I first paid a visit to the redundant church of All Saints at Aldwincle on a gloriously sunny Saturday afternoon in 2010. Conditions for taking photographs were ideal, with hardly a cloud in the sky. Sadly though, the tower of All Saints had scaffolding surrounding it and it was looking far from its best. I promised myself a return visit when the scaffolding was down and this happened in the late Summer of 2013, a gorgeous day with plenty of sun.

  Aldwincle is a relatively small village not far from Thrapston, out towards the western edge of the catchment area of this site. In the mid 1990's the population was around 320. However, this village has two medieval churches, with the church of St Peter at the other end of the village. It was seen to be a drain on village resources to maintain the two churches and All Saints, which had been virtually disused for 100 years, was declared redundant in 1976. These days All Saints is looked after by the Churches Conservation Trust.

    This is a lovely area of East Northamptonshire and an area where, for the most part, churches are open and welcoming. Having just visited St Peter and found that open, I was pleased to see the "Church Open" sign out.

    The poet John Dryden was born here, at the Old Rectory opposite the church in 1631. He was one of 14 children born to Erasmus Dryden and Mary Pickering! John Dryden's mothers father was Henry Pickering, who was the Rector here for 40 years. Pickering died in 1637 and his gravestone, now very worn, has been brought inside the church to protect it. The inscription on this stone reads as follows..."Here lyeth the body of Henry Pykering Rector of this parish for the space of 40 years who departed this life September 1637 aged 75.   Just dealing meekness charitye being such at Heavens command he practized very much for which Heavens comfort failed not when he cryed. He lived to a full age, yet bewailed he died".

    The church here is mainly 13th century in date, with the tower dating from the 15th century. The tower is very striking and dominates the landscape for miles around. There are four pinnacles, one on each corner of the tower, and at one point each of these would have had a weathervane on them, as they still are at nearby Lowick.

   There are some very fine quality gargoyles and grotesques here. Was particularly taken by what can only be described as a surprised owl!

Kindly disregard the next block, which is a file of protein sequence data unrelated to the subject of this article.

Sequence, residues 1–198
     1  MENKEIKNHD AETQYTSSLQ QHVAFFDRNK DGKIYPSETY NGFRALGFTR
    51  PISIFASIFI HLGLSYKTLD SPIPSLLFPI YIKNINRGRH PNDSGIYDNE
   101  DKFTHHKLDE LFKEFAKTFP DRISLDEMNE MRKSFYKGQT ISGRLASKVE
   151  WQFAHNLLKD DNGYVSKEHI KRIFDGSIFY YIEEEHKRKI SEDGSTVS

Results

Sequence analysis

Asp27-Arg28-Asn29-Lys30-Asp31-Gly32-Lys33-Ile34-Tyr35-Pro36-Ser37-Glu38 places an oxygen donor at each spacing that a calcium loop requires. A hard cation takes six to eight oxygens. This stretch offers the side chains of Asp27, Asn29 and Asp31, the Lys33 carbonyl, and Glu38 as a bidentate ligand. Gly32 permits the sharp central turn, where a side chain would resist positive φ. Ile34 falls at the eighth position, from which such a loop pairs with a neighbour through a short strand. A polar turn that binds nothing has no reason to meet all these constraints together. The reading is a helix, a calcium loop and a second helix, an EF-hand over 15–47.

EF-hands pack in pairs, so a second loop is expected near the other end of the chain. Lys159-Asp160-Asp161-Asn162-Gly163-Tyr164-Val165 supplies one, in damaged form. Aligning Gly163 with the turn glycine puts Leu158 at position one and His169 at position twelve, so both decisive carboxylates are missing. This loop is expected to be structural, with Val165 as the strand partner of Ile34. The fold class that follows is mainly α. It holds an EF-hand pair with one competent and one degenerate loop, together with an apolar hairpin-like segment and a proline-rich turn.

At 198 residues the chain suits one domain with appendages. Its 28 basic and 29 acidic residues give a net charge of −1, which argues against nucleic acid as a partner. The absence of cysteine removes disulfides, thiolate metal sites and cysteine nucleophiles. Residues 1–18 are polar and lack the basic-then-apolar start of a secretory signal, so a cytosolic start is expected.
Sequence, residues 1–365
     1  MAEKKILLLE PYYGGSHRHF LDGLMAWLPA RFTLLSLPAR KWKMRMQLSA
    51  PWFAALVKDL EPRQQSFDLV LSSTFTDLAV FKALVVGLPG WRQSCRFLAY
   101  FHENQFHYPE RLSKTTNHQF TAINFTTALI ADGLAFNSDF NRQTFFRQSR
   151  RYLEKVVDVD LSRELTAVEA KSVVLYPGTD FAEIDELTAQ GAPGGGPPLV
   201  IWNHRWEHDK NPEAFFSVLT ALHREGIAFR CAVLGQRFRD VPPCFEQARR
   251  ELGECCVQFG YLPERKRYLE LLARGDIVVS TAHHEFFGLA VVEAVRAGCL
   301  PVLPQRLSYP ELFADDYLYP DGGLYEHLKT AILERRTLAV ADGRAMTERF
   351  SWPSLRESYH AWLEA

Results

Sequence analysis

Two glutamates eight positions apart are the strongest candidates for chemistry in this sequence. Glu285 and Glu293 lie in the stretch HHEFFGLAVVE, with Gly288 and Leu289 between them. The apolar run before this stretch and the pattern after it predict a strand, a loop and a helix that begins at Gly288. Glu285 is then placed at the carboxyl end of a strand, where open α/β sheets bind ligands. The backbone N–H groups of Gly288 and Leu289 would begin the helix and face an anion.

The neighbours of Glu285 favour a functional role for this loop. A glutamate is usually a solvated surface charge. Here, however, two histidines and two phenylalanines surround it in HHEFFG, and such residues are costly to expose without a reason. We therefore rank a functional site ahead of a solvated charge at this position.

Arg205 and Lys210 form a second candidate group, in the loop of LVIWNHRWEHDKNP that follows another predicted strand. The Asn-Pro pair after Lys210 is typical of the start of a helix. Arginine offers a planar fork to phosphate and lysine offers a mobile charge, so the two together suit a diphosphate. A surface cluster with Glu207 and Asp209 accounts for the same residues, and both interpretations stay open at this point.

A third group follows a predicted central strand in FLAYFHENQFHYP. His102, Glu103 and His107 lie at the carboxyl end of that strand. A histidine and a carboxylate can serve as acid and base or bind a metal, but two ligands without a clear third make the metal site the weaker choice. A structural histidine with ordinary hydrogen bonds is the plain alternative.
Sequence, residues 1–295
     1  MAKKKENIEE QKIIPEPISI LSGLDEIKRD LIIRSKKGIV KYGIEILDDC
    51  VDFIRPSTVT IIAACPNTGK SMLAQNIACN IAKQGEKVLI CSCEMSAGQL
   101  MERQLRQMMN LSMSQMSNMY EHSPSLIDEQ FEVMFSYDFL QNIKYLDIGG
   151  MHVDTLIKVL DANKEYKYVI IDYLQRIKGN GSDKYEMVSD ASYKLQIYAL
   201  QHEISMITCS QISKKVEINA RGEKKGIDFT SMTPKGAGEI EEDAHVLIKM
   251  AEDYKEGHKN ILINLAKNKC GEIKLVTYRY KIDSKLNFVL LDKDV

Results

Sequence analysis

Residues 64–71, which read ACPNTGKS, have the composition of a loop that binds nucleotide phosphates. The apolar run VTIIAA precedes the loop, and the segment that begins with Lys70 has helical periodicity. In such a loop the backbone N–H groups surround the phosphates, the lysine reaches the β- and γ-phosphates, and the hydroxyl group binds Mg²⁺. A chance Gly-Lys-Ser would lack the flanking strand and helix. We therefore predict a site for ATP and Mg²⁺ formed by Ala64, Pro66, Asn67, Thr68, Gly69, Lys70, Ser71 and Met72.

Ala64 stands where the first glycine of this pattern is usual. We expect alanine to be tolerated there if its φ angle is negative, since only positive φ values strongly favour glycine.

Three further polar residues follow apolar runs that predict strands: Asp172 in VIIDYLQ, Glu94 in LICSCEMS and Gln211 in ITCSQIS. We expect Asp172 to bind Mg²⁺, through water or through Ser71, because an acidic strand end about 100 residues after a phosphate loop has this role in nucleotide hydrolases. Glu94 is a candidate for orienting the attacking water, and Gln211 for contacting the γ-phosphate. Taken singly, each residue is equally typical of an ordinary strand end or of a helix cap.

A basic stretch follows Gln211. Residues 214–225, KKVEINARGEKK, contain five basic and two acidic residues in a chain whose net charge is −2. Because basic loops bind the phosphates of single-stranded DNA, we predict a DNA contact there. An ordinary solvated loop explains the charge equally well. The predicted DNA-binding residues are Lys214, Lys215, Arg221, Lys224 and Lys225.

Just a single bell remains here, this being cast by John Taylor of Loughborough in 1905. When North was compiling his Victorian study of Northamptonshire church bells there were five bells hanging here. All of these were sadly melted down in 1903 to help make a new ring for neighbouring St Peter. The new bell by Taylor was hung a couple of years later.

    The eldest of the bells that previously hung at All Saints was made at the Stamford Bellfoundry, being cast by Thomas Norris in 1637. Two bells were dated 1720, and I am not sure who the founder was on these two. A further bell was cast in 1724 by Thomas Eayre of Kettering. The final bell was just dated 1830, with no founders name. All sadly gone now!

   The  south side of this church is a curious affair, which is not going to win any architecture awards! Lots of building done here at various times, with none in the same style as the others, the last being in 1950 when the south porch had to be rebuilt after it was damaged by a falling tree.

With the church not being used for services any more, the Georgian box pews that were previously here have been taken out.

   Over the chancel arch is a painting of the Royal Arms and two paintings detailing the Ten Commandments. The Ten Commandments are placed either side of the Royal Coat of Arms and there is much damage, particularly on the left hand panel. The plain font is octagonal and dates from the 13th century.

    Despite this being a redundant church, the grounds are well looked after. There are a great many gravestones here, but to be truthful there was very little here to catch my eye, with the exception of the striking figure at the bottom lright of this page. It looks as if there has been a fairly extensive clearance of the church grounds at some point back in time and there is little of any real quality but a well preserved box tomb still marking the final resting place of one Joan Thorp still has a perfectly readable date of 1655 on it.

    There is a lychgate in the north west corner of the church grounds, and with the beautiful perpundicular tower standing just to the side of it, this really is quite beautiful. There is a war memorial to the fallen of Aldwincle to the north of the grounds.

   Aldwincle is a  lovely place to visit if you are in the area.   Photographs on this page are from several different visits.  

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